The next week, I noticed the listing was still online, so I messaged my Realtor and asked if it was still available – and to our surprise, it was! So we snuck in a low ball offer, and after a bit of negotiating, we ended up getting it for about $10,000 less than list price.

The Financials

We had a $125,000 down payment, and decided to use $115,000 towards the home, holding back $10,000 for closing and moving costs. So no, we didn’t end up meeting our original goal of $150,000 towards a home, but I really feel pleased with the amount we were able to save.

Our purchase price was $468,000. And after the down payment, our mortgage will be $353,000.

The mortgage amount represents 2.2x our combined gross annual salary, and all housing expenses come out to 23% of our combined net monthly income – this is based on our full-time jobs alone. Even though I have consistently made a nice chunk of freelance income every year, we decided to only get pre-approval (and create a budget) based on our secure income.

Related: My biggest home buying regret – not considering the future

And what kind of PF blogger would I be if I didn’t include a mock budget? :) This time the chart below indicates our joint household expenses, and what we expect to put into our joint account every pay cheque. We’ve also built in a nice buffer each month which will serve as our household savings fund for emergencies and future large household expenses.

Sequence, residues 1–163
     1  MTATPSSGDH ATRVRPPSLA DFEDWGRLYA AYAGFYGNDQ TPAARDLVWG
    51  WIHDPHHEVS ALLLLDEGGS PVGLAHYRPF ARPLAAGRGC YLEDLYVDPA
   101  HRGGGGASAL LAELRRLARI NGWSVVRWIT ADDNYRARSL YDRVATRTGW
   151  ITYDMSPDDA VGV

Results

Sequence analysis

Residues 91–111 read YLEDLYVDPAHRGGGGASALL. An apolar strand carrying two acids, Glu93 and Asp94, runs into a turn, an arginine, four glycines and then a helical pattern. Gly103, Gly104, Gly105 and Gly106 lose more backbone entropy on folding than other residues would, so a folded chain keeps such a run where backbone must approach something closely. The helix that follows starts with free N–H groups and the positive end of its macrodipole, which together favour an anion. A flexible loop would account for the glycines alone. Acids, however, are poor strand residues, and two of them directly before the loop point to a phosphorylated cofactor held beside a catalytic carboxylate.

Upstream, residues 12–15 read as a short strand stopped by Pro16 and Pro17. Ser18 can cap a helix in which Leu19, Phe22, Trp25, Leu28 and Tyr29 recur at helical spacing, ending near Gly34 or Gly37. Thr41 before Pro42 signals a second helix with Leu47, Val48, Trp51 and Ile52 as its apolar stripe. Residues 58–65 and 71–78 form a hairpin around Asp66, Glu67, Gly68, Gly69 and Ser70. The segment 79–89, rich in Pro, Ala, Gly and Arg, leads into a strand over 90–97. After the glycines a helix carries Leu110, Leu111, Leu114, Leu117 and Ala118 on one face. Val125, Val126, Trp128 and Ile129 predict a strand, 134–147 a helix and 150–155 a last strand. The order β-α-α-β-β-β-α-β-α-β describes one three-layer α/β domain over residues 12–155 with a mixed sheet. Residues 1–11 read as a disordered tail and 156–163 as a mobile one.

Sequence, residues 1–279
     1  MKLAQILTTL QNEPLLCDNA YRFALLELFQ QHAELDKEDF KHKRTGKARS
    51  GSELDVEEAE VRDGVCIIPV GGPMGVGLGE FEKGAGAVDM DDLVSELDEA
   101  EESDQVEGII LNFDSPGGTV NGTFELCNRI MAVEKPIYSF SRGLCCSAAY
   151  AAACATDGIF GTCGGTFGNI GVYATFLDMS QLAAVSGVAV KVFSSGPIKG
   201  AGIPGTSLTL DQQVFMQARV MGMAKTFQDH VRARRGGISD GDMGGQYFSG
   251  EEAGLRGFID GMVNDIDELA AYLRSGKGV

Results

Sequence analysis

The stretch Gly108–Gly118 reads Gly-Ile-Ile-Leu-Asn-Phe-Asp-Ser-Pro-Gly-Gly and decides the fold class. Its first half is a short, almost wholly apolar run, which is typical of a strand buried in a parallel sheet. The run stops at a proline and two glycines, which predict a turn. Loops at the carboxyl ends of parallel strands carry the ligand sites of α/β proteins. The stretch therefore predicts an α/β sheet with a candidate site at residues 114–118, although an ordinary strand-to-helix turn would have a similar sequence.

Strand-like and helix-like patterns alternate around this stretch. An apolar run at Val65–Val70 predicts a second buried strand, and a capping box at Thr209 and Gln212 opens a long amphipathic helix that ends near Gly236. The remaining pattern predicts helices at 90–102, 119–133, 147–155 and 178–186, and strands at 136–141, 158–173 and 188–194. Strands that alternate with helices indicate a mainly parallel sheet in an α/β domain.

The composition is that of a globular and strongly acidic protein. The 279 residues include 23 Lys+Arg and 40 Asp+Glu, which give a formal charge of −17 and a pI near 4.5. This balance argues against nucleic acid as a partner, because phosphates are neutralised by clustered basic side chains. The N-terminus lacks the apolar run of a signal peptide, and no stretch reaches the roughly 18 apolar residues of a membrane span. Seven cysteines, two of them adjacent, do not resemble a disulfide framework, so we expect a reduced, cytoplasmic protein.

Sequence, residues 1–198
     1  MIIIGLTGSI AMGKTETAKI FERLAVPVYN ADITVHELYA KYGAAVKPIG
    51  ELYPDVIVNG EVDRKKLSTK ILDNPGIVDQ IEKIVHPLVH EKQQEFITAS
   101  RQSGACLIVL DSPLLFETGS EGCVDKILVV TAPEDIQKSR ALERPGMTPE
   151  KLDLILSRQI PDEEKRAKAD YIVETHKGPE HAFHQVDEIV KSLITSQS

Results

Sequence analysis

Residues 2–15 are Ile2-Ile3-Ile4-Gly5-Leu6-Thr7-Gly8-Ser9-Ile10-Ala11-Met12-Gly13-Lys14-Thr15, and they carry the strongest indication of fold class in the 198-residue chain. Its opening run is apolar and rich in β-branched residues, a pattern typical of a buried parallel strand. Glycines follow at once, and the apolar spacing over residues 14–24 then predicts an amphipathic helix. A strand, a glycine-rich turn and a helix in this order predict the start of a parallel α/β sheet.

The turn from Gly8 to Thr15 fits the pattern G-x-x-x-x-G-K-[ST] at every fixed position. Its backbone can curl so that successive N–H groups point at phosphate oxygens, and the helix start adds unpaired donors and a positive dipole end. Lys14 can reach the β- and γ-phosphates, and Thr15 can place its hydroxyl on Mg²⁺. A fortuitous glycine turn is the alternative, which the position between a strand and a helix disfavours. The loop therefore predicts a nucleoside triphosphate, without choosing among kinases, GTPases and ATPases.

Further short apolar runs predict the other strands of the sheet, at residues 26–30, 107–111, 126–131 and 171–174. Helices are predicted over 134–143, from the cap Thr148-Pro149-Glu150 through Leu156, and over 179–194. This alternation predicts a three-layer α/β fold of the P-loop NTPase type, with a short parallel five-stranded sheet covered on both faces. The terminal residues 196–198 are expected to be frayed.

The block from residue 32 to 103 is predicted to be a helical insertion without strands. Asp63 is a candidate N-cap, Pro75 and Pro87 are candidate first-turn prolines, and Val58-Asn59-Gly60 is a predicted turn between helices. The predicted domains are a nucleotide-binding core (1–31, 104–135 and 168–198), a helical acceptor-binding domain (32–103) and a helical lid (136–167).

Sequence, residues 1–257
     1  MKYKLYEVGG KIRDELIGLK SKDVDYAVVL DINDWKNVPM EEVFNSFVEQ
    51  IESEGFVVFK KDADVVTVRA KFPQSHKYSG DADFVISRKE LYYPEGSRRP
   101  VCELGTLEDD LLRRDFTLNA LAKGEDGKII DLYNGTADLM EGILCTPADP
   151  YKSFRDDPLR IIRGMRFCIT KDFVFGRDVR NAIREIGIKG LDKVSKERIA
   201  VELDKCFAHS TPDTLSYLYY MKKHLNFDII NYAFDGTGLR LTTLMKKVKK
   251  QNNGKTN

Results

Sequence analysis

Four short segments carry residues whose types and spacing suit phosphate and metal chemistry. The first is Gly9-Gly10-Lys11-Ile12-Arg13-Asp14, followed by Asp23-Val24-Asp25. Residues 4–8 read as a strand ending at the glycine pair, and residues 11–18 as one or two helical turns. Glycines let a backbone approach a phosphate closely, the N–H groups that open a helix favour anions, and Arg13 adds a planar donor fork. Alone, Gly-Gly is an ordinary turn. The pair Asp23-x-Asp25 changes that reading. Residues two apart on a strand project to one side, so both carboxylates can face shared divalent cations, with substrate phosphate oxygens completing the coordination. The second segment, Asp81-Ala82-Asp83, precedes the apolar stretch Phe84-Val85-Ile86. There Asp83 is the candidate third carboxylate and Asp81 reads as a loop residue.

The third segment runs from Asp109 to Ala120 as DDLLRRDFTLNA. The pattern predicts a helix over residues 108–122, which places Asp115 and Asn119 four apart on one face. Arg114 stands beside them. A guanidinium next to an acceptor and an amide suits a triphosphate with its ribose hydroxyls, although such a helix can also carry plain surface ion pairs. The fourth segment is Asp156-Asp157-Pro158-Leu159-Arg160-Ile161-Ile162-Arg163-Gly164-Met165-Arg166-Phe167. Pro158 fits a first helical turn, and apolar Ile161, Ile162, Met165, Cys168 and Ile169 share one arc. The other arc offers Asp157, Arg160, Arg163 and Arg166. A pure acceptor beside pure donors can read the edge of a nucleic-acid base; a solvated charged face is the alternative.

We pay $1,650/month for rent right now, and as you can see our base housing costs (mortgage/strata/property tax) is $2,045/month. While normally I would scoff at such a big increase to our living expenses, we are both absolutely ok with it because we knew we were going to move eventually (and that it would cost us more money), but also::

  • We can still comfortably pursue our financial goals of early retirement and travelling every year.
  • 2-bedroom apartments cost on average $2,500/month to rent in Vancouver, and about $2,000 in New Westminster (units for rent in our building are going for $2,200+).
  • We will be able to sell RD’s car and go down to a one-car household.
  • The building has a nice gym (eliminating the need to continue to pay drop-in fees at the rec centre).
  • Crazy amount of natural light and a large patio (our current home has zero outdoor space and very minimal natural light).
  • A little more space (we’re going from 680 sq.ft. to 825 sq.ft.).
  • A usable second bedroom for guests, and RD can have a small art area.
  • The ability to have a small garden on the patio.
  • Pet-friendly, so we can finally get a cat.